Univers: The construction of an internet-wide descriptive naming system.
AuthorBowman, Clair Michael, II.
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PublisherThe University of Arizona.
RightsCopyright © is held by the author. Digital access to this material is made possible by the University Libraries, University of Arizona. Further transmission, reproduction or presentation (such as public display or performance) of protected items is prohibited except with permission of the author.
AbstractThis thesis describes the construction of a descriptive naming system for an internet environment. Descriptive naming systems allow clients to identify a set objects by description. In a world where information is perfect, this amounts to a simple database query. However, descriptive naming systems operate in an imperfect world: clients may provide inaccurate descriptions, the database may contain out-of-date or incomplete information, the database may be highly distributed, and so on. Traditional strategies for handling imperfect information approach the problem from the database's perspective; i.e., queries are resolved according to a method determined by the database designer. This thesis presents a model, called a preference hierarchy, that allows the client to define the meaning of a preferred answer. A preferred answer is computed using knowledge about the quality of information in the database and in the query. Specifically, clients provide the naming system with a description of an object and some meta-information that describes the client's beliefs about the query and the naming system. This meta-information is an ordering on a set of perfect-world approximations and it describes the preferred methods for accommodating imperfect information. The description is then resolved in a way that respects the preferred approximations. The preference hierarchy may be used to solve problems associated with some forms of imperfect information that exist in descriptive naming systems. It also provides a foundation for designing and comparing various naming systems. For example, the preference hierarchy allows us to compare naming systems based on how discriminating they are, and to identify the class of names for which a given naming system is sound and complete. A study of several example naming systems demonstrates how the preference hierarchy can be used as a formal tool for designing naming systems. Univers is a generic attribute-based name server that implements the preference hierarchy model. It provides a foundation upon which a variety of high-level naming services can be built. It is a platform for constructing an internet-wide descriptive naming system. This thesis describes several aspects of its implementation and demonstrates how various descriptive naming services--including a global white-pages service, a local yellow-pages services, and a conventional name-to-address mapper--can be built on top of Univers.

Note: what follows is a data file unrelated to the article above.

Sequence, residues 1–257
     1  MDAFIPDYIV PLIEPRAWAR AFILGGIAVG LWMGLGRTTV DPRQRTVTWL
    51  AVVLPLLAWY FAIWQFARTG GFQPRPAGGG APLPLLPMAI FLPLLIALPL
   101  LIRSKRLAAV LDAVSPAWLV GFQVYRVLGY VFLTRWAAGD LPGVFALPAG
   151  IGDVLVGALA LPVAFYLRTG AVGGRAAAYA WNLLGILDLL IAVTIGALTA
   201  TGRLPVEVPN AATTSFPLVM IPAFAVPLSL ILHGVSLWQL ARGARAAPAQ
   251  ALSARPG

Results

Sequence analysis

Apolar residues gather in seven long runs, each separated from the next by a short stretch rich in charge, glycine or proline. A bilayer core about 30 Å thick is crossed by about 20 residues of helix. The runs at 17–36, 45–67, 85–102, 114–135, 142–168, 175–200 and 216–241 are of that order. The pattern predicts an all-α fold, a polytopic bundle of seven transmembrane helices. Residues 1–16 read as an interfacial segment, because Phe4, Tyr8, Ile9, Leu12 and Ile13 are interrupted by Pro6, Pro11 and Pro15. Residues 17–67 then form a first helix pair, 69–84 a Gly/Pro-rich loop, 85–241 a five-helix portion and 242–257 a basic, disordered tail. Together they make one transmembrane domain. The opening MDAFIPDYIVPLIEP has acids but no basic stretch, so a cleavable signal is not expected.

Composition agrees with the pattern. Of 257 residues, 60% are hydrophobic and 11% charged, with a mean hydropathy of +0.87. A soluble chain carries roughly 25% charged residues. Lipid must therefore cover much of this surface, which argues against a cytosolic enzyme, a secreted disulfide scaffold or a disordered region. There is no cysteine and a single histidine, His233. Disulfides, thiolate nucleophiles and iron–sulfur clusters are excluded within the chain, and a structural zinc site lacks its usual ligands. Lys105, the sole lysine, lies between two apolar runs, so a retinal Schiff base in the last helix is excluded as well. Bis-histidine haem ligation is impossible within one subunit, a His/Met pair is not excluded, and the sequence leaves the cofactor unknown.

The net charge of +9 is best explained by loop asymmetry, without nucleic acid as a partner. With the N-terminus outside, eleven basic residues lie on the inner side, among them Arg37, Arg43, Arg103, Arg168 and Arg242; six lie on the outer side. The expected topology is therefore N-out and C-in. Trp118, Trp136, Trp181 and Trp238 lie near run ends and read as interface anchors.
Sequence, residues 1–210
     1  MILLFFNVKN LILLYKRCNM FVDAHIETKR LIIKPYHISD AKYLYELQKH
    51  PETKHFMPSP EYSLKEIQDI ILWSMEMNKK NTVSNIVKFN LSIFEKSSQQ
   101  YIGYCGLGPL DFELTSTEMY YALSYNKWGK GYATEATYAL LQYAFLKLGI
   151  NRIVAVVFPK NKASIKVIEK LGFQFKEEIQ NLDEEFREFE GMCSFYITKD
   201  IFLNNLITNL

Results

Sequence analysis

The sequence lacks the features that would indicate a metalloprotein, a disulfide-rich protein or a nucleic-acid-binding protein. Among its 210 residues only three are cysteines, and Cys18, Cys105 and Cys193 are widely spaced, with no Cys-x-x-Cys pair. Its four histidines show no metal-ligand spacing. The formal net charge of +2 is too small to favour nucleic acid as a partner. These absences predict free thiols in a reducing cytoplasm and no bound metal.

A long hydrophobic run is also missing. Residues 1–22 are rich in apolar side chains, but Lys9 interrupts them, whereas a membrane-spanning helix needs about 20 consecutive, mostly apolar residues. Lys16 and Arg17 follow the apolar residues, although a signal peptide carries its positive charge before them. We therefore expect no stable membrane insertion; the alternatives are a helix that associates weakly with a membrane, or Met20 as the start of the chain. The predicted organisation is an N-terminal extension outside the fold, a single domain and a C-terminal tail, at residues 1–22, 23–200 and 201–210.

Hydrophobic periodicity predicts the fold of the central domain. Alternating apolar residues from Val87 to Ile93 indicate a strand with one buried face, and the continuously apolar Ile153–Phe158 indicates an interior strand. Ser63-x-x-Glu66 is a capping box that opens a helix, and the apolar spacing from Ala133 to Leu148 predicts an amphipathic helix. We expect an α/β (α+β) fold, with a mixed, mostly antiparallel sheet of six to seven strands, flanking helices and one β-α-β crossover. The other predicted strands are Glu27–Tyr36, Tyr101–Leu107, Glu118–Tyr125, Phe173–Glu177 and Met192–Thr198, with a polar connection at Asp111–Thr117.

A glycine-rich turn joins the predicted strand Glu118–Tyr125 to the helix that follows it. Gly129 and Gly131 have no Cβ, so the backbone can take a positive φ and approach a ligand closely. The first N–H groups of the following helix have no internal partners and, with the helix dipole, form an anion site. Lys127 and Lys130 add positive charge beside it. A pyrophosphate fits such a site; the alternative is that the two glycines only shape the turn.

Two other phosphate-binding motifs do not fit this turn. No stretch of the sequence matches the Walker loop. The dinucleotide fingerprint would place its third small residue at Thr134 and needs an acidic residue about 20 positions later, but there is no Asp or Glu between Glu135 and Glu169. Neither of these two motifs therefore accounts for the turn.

Degree ProgramComputer Sciences